This summer, the Dallas Cowboys will move into their new practice facility and team headquarters in the north Dallas suburb of Frisco. Similar to how AT&T Stadium redefined the modern stadium experience, the new facility should change expectations for NFL team facilities.
The new 91-acre complex holding the team's 510,000-square foot offices and training facilities is known as The Star. But not just The Star -- it's The Ford Center at The Star.
While you're at The Ford Center at The Star, they can take a stroll down The Star Boulevard and have a gander at the Dr. Pepper Walk of Honor. Across Cowboys Way sits a 50-yard field with four interactive displays topped by video boards, which can be found in the Tostitos Championship Plaza. When music acts play in the Tostitos Championship Plaza, they'll be playing on The Pepsi Stage.
Come this fall, those interested can see their favorite acts at the Pepsi Stage in the Tostitos Championship Plaza at The Ford Center at The Star.
But wait, there's more!
The Cowboys partnered with 24-Hour Fitness founder Mark Mastrov to create Cowboys Fit center, featuring "Cowboys-themed workouts" that allow fans to "train with their favorite players*." In the mood to shop? Peruse the 2,000-square foot Nike store within Cowboys Fit. Once you've purchased your new shoes, take them for a spin on the Nike jogging trail. Thirsty? Swing by the Gatorade Sport Science Institute. Hungry? Dairy Max will stock the Cowboys' training table.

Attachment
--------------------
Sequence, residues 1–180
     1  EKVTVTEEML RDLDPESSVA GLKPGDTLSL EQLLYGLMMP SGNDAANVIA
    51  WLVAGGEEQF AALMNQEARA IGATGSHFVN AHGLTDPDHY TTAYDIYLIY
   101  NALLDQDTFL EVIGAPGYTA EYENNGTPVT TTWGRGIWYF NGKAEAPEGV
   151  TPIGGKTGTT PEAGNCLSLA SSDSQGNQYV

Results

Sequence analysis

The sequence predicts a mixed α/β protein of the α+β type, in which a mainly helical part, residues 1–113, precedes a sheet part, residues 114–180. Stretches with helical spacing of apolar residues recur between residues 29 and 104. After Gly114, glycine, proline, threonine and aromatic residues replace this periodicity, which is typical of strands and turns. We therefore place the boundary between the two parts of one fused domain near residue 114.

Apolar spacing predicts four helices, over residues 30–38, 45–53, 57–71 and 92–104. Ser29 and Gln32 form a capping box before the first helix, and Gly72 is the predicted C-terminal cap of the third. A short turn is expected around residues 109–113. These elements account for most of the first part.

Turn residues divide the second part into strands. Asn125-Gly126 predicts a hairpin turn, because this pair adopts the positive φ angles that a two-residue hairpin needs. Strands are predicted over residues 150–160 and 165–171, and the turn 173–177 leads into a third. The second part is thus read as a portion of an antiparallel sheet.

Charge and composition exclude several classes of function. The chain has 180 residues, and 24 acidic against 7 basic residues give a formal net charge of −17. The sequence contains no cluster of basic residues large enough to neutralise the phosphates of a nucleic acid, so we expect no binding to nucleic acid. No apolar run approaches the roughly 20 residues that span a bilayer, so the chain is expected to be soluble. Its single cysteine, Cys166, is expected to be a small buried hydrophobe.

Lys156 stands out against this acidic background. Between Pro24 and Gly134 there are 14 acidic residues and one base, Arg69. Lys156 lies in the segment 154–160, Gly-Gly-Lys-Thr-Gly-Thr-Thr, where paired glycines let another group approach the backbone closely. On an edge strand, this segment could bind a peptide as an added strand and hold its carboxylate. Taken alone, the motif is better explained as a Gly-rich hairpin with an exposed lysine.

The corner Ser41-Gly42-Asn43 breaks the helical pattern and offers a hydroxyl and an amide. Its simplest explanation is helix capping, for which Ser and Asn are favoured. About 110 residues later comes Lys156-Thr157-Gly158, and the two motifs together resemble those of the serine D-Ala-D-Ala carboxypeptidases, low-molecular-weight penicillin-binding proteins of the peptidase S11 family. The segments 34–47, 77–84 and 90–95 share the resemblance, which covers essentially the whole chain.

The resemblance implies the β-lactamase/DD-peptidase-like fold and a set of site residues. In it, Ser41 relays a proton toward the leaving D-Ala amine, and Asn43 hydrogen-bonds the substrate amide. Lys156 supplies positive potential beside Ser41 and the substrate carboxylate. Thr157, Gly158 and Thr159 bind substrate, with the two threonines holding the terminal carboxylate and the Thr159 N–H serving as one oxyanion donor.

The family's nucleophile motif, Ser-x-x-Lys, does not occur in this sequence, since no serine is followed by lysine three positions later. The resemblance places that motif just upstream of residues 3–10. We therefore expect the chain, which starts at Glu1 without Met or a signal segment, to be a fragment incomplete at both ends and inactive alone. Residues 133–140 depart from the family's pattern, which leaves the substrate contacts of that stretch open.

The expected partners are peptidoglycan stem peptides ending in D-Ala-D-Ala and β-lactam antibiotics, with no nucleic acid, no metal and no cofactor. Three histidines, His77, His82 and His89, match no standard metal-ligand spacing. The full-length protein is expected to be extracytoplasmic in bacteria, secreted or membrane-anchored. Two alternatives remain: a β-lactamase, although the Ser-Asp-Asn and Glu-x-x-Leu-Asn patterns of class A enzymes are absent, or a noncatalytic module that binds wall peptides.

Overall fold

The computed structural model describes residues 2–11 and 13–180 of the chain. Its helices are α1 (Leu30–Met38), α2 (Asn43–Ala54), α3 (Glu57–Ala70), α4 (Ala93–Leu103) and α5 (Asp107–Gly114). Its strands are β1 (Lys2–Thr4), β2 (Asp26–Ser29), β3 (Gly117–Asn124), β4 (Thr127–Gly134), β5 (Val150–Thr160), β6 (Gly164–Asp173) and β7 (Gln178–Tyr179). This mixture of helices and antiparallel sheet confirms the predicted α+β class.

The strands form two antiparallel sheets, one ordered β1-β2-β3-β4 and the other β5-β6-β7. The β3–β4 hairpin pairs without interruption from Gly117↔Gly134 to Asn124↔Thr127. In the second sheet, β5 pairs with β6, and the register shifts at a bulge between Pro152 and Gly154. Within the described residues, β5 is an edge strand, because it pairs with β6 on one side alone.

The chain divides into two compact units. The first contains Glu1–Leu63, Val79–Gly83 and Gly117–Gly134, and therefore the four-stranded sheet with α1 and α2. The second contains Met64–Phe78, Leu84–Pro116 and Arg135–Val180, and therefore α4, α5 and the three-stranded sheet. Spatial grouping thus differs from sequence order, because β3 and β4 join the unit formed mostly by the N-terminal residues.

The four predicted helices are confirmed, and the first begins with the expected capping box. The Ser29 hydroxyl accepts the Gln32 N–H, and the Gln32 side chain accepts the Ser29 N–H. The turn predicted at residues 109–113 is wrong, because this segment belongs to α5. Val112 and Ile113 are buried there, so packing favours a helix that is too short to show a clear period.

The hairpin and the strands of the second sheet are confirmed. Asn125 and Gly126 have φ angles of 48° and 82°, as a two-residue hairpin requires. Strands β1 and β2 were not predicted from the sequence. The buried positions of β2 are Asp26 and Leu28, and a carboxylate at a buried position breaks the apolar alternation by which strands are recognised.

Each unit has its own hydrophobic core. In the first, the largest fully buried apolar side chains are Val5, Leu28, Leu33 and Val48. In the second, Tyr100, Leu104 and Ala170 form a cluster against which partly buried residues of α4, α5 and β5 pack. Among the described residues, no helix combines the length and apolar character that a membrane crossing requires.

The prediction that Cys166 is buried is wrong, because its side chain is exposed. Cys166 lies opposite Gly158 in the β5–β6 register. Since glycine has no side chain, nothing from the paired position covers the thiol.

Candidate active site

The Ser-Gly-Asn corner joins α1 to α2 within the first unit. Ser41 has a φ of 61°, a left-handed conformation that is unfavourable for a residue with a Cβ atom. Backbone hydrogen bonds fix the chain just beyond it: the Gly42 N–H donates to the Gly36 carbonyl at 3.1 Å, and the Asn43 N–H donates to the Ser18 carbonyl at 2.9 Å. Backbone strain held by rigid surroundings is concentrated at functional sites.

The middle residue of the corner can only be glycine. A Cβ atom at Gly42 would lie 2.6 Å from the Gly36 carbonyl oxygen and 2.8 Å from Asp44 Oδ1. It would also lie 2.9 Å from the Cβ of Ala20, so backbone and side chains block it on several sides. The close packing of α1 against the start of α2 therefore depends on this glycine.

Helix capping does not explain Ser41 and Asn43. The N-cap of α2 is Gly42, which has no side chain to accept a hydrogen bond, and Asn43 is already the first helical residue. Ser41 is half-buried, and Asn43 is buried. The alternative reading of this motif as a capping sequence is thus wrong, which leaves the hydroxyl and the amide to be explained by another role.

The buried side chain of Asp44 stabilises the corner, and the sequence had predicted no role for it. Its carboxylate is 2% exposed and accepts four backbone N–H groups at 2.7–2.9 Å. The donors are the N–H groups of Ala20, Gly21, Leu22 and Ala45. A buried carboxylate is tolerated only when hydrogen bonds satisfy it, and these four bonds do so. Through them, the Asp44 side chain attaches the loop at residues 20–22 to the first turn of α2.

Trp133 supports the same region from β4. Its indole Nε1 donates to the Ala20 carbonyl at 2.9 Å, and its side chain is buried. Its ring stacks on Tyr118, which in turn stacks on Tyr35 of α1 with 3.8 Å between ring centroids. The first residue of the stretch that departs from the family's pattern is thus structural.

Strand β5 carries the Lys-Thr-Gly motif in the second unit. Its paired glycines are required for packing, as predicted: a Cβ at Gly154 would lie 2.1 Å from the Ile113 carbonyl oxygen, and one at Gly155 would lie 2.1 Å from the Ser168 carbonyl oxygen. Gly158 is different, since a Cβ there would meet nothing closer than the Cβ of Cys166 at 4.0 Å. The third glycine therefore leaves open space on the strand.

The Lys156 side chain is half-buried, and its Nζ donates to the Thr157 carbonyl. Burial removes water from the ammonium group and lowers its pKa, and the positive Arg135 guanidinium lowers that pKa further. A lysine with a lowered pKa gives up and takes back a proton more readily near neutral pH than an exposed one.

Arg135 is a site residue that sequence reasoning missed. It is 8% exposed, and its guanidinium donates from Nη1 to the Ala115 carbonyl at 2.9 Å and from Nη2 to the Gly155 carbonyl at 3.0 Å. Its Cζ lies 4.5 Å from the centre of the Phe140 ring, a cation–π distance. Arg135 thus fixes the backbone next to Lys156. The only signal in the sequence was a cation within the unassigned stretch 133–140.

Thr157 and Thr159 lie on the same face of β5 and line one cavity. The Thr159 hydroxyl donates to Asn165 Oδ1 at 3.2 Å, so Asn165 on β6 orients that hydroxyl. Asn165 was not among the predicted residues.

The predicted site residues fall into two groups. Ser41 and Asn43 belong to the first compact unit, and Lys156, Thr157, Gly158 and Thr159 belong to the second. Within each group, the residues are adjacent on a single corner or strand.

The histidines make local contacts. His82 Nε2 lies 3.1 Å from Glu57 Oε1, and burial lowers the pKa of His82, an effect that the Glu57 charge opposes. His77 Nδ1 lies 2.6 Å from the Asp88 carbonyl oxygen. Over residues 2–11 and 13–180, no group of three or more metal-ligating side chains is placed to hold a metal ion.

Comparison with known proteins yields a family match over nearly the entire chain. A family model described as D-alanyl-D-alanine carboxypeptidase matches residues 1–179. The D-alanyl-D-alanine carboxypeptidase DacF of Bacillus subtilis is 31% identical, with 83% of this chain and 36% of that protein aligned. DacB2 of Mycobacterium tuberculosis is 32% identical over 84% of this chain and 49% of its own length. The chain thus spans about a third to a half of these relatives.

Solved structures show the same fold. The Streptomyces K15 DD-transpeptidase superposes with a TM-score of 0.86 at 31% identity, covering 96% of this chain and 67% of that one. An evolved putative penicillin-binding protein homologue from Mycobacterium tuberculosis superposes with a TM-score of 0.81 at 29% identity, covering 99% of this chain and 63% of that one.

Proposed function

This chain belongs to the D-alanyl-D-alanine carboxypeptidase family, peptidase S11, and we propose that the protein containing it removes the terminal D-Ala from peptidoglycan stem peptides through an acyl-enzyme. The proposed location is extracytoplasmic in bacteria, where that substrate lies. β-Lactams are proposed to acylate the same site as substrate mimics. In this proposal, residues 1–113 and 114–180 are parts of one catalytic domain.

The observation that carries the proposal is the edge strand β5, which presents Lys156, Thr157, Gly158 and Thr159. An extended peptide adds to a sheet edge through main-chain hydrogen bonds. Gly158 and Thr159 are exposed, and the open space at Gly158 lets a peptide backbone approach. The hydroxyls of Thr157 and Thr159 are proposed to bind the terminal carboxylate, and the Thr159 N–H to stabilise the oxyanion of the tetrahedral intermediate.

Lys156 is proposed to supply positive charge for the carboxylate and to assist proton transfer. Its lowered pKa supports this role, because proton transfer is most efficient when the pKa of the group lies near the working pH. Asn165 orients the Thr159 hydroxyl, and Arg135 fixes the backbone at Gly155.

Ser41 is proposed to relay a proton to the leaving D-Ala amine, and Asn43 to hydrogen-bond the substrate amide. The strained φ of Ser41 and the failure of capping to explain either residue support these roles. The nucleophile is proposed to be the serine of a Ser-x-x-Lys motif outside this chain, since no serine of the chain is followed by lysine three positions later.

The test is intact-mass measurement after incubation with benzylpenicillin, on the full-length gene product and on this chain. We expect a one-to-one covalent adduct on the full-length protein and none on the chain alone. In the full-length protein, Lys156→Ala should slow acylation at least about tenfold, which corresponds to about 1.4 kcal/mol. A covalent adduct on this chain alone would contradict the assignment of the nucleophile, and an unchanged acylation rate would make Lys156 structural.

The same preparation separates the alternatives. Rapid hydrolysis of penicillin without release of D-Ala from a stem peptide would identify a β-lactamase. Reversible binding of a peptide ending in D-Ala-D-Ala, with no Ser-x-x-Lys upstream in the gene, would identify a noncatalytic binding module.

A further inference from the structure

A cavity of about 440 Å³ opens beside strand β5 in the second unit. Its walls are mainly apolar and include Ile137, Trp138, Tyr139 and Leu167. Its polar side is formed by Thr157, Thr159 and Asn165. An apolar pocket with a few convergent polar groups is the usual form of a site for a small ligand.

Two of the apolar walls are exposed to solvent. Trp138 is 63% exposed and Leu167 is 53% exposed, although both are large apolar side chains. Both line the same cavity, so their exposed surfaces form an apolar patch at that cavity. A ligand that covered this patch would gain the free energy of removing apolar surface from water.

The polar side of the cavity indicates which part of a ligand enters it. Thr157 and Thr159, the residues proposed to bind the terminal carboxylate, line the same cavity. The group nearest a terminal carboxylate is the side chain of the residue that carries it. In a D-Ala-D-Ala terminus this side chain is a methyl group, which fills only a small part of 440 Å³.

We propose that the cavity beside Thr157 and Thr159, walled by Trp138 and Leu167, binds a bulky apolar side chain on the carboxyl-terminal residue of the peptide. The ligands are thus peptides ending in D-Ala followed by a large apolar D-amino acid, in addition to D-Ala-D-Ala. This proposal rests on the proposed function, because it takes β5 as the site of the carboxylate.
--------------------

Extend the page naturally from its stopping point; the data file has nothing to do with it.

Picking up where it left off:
While you're killing time between your Nike jog Pepsi Stage in the Tostitos Championship Plaza at The Ford Center at The Star, take a stroll through the Lincoln Concept Showroom, the Fans United apparel store, or the Texas Lottery area, which will highlight the lottery's role in Texas' C-minus rated education system.
Of course, the centerpiece of the billion-dollar complex is the Star itself, a domed, 12,000-seat practice facility that, in an admittedly cool gesture, will open its doors with a quadruple-header featuring all eight of Frisco's high schools. Standout players from those games will be featured as Whataburger Friday Night Stars.
Look, the irony of a post complaining about the infringement in sponsorship in sports on a sports website supported by sponsors and advertisers is not lost on me. But it shows, days after the Rams completed a move to Los Angeles centered around a billion-plus dollar stadium project, where the NFL's priorities lie. Take it from the man himself:
“People either love us or hate us, but the most important thing is to be relevant,” Jerry Jones told the New York Timesearlier this month. “It’s not enough to just build a building, put a sign up and open the door.”
The Cowboys, a team that recently completed its 20th straight season without so much as reaching the NFC championship game, are no longer a football team that happens to dabble in big business. They're a big business that dabbles in football. And business is really, really good.
(via The Dallas Morning News)